Welcoming guests to a food and wine pairing dinner

Discussion in 'Food & Cooking' started by phoebe, Feb 2, 2005.

  1. phoebe

    phoebe

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    Several years ago, Food and Wine magazine published a very effective way to *****strate how food affects the taste of wine in a dinner format. Briefly, you give guests a small amount of two whites and two reds, each with growing complexity. Then you start with a simple garlic, olive oil and parsley pasta and taste the two whites. One will usually taste much better than the other. Then add sauteed mushrooms and the white that tasted good before usually doesn't taste as good as the other. Add a taste of the first red, but that doesn't taste right either. Then add a tomato-based sauce, and the whites taste bland while the first red works and the second is too overwhelming. Then add lamb shanks, and . . . well, you get the drift. After the guests have gone through small tastes and sips of all the steps, then serve them regular portions and a salad, and they can pick which wine they want to drink with the meal itself. Most opt for the most complex red, but some go for the lighter red or even a white; it's up to them and their taste buds.

    OK, my question is, since food, wine and taste are all going to have a lot demanded of them, what should we do with the guests when they first arrive? We've done this party twice, and both times just seated everyone and launched into the tastings. But it does seem a little abrupt, and I end up feeling a little like a cross between a drill sargeant and a kindergarten teacher--at least until I've had a bit of wine :D . So how would you folks begin the evening?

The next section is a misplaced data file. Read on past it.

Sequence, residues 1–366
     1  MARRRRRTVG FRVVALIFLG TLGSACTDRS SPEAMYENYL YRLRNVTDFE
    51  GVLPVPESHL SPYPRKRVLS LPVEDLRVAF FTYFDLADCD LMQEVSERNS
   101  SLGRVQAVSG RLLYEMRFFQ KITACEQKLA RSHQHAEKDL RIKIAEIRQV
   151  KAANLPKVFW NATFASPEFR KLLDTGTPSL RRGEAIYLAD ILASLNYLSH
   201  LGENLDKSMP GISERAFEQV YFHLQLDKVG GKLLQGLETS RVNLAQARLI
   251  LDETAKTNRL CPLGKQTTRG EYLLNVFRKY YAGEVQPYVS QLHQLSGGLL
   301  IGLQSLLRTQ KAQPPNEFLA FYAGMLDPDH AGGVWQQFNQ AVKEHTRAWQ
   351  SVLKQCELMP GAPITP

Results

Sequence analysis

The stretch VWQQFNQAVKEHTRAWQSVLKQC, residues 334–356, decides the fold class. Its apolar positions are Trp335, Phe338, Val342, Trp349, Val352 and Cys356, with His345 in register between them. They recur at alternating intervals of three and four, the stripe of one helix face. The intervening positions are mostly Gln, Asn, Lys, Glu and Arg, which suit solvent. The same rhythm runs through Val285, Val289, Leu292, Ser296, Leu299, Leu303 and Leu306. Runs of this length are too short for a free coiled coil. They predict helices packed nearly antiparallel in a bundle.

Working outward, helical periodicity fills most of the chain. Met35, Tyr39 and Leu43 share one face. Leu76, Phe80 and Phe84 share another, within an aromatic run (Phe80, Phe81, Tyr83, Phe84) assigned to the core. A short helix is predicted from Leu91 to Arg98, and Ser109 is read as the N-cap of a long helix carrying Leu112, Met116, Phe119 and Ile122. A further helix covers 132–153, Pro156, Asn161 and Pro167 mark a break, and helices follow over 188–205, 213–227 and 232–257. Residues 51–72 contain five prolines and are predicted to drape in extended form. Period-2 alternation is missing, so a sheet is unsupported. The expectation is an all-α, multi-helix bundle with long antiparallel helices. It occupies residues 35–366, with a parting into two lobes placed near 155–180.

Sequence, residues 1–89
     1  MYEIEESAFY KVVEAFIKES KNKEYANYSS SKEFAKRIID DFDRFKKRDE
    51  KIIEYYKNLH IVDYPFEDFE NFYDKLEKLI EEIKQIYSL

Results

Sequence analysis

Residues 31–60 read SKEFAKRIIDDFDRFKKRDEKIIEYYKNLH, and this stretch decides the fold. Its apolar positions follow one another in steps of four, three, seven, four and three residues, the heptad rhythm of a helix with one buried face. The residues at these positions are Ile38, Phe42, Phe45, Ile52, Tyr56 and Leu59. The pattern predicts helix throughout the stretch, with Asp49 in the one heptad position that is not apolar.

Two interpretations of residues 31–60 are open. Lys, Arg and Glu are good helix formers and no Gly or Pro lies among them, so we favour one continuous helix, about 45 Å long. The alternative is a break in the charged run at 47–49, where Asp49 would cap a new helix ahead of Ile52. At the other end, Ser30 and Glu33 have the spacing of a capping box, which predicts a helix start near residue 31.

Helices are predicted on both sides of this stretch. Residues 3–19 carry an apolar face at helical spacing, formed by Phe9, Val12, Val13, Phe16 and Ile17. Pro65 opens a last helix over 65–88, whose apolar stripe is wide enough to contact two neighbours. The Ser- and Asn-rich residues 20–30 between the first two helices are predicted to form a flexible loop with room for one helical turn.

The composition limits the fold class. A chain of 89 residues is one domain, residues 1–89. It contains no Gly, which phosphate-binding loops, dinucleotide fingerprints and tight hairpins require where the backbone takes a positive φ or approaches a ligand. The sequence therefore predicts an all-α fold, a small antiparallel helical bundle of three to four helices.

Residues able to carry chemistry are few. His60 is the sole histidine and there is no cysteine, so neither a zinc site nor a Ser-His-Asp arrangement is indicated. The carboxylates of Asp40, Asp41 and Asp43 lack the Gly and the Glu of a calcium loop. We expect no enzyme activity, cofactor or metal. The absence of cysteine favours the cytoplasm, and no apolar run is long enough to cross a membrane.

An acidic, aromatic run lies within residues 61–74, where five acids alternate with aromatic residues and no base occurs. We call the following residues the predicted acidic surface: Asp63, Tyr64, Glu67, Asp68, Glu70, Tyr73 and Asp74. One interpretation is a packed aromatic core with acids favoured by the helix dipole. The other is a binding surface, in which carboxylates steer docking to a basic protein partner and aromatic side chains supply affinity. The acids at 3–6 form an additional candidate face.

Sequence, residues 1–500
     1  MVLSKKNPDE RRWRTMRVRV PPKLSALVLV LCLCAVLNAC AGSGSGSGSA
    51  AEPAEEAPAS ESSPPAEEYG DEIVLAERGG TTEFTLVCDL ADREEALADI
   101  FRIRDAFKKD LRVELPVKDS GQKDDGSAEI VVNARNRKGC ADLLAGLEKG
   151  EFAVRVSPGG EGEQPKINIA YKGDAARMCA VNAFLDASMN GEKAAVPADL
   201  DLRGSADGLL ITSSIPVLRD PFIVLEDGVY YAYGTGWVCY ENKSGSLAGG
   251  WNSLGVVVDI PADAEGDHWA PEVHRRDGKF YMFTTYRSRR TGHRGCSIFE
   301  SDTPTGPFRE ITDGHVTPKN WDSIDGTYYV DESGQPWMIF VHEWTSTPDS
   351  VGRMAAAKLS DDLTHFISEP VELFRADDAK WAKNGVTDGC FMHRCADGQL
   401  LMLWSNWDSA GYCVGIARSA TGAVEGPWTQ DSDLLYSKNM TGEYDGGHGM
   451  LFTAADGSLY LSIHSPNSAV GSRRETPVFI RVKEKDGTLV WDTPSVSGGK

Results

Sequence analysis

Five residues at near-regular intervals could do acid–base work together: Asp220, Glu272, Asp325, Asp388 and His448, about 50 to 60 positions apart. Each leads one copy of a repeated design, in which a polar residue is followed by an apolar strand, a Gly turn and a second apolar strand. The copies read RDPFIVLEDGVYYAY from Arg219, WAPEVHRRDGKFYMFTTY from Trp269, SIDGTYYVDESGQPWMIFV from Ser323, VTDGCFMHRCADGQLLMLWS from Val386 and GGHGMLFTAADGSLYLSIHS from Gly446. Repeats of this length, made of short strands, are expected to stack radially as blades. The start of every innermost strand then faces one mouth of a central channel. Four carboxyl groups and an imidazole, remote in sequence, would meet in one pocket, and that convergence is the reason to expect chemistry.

P.S. I've been trying to type "d-e-m-o-n-s-t-r-a-t-e" above where you see asterisks. But the program keeps replacing it. What gives?
     
  2. phatch

    phatch Moderator Staff Member

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    Most forums to maintain an age appropriate language have built in censors. Swearing automatically gets starred too. Apparently, d-e-m-o-n is a trigger word.

    Some forums support HTML code where a workaround is to insert an escape code for a letter. The word displays normally, but the code foils the censor that looks for words in plain text. This forum doesn't support that hack.

    Phil
     
  3. kuan

    kuan Moderator Staff Member

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    I would begin the evening with, hrm... some low alcohol Spatlese or similiar German. :)
     
  4. cape chef

    cape chef

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    I would not start with a Spatlese, to much residual sugar to start the process.

    If I may recommend you should start with Champagne (Brut) Dry, Clean, Crisp and with enough complexity to stimulate your taste buds. Good acid will cleanse your palette. I would simple serve some excellent quality oysters with a soft citrus mignonette.(with respect to Kuan )
     
  5. phoebe

    phoebe

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    Thanks guys, for your replies.
    Phil, yeah, I figured that out. I guess it's time to break out the thesaurus. :D
    Kuan and CC: I think I prefer the Champagne idea (for one thing, it would probably get rid of the teacher/DI edge I tend to get when I'm in charge of something like this :eek: ). But neither David nor I care much for oysters. Sorry!!!! :( I probably should hang my head in shame, but it's just the truth. Any other suggestions for a bite or two to go with the sparkly before we get down to "work"?
     
  6. pinot

    pinot

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    .yes , most definitely Champagne , or more interestingly a local equivalent.

    Maybe with some good fresh goats curd and cured salmon.
     
  7. cape chef

    cape chef

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    I like this idea with an addition of a little brunoise of apple.